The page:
Thu 28 March 2019 | 7:00 pm - 10:00 pm
Bialik Square - Bialik Square, Tel Aviv,

A solo exhibition in the framework of a place-dependent installation project that relates to cultural, artistic and social questions regarding Bialik’s legacy.
Curator: Dr. Smadar Shefi
Free entrance to the opening event

Tomer Sapir created an installation around the word “Kiklon”. The poem refers to the word as it appears in “Avi,” a poem from the cycle of Bialik’s poems “Yatamot,” which tells the life of his father who died when he was six years old, as they were caught In his eyes. The father who owned a tavern (a profession for which Jews were squeezed out of lack of other employment opportunities) is described in the rough environment where he worked when his soul went out to spiritual purity.
Day to day – to go up, day by day – to go up to the mountains.
And when he returns to the country of the palace, he will drink a kettle,
He was despised and forgiven for his soul, as if he were from the savior of my sword,
I will go to plead him, but he will not be guilty.
The Kiklon, a word that is a combination of “vomit” and “klon”, echoing in it “klayon” also receives the link of organic matter, “Kiklon” as if it is bleeding, distracting and disgusting as physical matter.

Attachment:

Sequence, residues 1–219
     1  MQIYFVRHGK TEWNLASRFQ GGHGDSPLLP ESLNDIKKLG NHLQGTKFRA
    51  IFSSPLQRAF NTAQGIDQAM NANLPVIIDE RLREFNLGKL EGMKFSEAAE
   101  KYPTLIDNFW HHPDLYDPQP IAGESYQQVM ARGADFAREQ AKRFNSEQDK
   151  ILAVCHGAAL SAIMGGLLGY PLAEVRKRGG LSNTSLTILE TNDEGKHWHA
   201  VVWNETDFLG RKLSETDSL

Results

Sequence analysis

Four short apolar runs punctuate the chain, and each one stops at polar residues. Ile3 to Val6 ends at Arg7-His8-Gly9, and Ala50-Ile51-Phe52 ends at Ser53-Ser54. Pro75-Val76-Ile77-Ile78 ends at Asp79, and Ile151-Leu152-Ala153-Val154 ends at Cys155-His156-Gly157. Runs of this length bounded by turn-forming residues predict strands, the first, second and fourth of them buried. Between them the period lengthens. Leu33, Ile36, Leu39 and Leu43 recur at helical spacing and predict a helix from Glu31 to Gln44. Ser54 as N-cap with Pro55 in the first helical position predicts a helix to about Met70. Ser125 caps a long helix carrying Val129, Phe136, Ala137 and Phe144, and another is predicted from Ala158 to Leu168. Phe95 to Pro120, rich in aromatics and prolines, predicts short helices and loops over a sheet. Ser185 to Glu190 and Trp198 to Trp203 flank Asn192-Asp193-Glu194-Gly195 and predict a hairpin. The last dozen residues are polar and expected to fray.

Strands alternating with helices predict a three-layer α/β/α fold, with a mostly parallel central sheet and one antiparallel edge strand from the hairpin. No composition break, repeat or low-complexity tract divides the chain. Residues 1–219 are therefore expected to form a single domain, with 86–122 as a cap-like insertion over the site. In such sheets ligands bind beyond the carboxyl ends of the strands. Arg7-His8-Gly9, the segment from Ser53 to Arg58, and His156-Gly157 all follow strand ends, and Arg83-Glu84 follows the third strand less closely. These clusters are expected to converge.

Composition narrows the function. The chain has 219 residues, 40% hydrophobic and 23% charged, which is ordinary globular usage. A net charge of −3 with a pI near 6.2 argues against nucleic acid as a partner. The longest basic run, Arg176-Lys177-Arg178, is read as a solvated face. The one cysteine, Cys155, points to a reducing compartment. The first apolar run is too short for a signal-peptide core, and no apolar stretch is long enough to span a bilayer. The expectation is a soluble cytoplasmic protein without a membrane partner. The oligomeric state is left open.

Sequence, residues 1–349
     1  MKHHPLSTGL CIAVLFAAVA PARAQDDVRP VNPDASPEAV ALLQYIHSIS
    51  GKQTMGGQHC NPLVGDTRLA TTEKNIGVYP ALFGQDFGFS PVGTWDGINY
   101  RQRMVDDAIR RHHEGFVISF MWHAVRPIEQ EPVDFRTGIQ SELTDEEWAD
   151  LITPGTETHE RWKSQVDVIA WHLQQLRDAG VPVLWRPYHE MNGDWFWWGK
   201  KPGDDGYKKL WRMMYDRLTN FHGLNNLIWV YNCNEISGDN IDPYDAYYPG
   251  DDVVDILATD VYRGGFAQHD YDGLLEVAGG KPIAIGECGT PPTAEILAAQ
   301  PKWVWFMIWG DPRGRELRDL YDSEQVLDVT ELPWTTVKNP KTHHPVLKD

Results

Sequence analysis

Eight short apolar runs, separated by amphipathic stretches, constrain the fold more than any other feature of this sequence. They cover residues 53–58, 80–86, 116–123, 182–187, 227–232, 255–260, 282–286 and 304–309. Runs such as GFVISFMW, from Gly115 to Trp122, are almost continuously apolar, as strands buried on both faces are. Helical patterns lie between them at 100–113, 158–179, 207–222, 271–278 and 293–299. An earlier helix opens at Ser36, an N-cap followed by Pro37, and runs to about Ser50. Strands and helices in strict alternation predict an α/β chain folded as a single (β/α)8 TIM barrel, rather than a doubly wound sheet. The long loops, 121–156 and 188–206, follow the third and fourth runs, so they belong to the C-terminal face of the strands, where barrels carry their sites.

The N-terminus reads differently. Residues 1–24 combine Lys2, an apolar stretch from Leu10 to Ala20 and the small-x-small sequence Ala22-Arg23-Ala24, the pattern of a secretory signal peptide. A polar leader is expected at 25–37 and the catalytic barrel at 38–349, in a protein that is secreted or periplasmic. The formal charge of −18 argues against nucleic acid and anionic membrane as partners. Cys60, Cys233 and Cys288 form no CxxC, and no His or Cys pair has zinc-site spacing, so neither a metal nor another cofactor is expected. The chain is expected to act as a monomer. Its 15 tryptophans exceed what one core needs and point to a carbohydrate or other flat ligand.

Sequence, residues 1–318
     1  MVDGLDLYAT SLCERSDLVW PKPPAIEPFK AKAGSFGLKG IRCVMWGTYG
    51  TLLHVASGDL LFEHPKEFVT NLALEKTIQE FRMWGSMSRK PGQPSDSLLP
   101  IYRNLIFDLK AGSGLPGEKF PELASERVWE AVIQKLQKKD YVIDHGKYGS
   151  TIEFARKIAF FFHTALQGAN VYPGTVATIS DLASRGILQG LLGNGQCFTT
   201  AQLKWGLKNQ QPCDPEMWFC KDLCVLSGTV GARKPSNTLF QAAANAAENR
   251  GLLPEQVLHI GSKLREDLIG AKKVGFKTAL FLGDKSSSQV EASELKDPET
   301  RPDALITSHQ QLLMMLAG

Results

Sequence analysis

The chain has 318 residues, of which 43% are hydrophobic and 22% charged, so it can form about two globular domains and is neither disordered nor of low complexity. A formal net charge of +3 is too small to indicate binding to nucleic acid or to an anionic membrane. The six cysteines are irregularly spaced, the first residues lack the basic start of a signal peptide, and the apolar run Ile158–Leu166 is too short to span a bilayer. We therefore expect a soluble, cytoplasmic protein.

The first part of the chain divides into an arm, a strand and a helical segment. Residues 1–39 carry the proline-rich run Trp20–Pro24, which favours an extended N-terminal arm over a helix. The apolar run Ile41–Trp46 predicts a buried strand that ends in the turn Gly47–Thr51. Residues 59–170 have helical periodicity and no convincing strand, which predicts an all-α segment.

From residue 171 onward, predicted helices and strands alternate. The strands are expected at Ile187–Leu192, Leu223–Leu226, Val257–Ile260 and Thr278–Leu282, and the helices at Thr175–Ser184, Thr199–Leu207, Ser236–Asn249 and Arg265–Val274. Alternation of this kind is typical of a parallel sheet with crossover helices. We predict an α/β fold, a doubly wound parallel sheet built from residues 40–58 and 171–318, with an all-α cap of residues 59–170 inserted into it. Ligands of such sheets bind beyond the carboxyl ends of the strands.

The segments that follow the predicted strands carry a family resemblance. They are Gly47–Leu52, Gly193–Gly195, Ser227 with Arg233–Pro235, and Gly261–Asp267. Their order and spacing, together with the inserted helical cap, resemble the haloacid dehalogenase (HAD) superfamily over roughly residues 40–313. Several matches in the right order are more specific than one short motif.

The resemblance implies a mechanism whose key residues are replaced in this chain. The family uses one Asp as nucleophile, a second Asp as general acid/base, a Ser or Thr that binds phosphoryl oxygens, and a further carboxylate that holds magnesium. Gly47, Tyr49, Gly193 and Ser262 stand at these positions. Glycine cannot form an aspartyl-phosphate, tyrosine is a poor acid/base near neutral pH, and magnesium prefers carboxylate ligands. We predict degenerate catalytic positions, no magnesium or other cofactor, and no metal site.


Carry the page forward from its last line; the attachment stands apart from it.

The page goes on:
For more than a decade, Tomer Sapir has been characterized as an artist who studies scientific methods of cataloging, comparison and preservation, creating a body of works in which fantasy and reality rub off and allow, while distancing testimony, to touch the conscience of the soul.
In “Kiklun”, and touches upon the complexity of text-image relations in general. The image is not an illustration of the text, does not illustrate it and does not translate it, but it refers to it, parallel to it, sometimes grows out of it. On the one hand Sapir clings to the source of the Bialikai – one of the works is the enlargement of the word in Bialik’s handwriting, and on the other hand he exposes Kiklun from the specific context, connects it to layers of various historical associations and touches intensively the spring of despair and anger that it expresses.
In an a-morphic object hanging from the ceiling like a block of flesh (which relates to the history of art, to paintings such as Rembrandt’s 1660 Shore) and in a sculpture that simulates a skeleton using an isolated letter like Cain’s, and in a work that freezes a chaotic moment, Sapir sharpens awareness of the fragility of existence , To the direct gaze of Bialik, the adult of his childhood, in which he became acquainted with the way in which polar aspects of transcendent and coarse transcend.
It was a living space and a pale path,
Between the gates of the tahara and the tum’ah, they moved from one circle to another,
The holy part of the world began to rise, and the lofty part of the world became desolate.
In Sapir’s “Kiklon” the sorrow is in front of you, and like Bialik’s child, he was amazed at him.
Dr. Smadar Shefi
Tomer Sapir (1977) lives and works in Tel Aviv, his works include sculpture, installation, video, drawing and collage.
Sapir holds an MFA with honors from the Bezalel Academy of Art and Design, Jerusalem. He received many prizes and awards, including: Mifal Hapayis grant for an artist’s book (2016) and the Encouragement of Creativity Award by the Ministry of Culture (2018).
His works have been exhibited in many exhibitions in Israel and abroad, including the Israel Museum, Jerusalem, the Tel Aviv Museum of Art, Apexart in New York, NGMA, the National Gallery of Modern Art, New Delhi.

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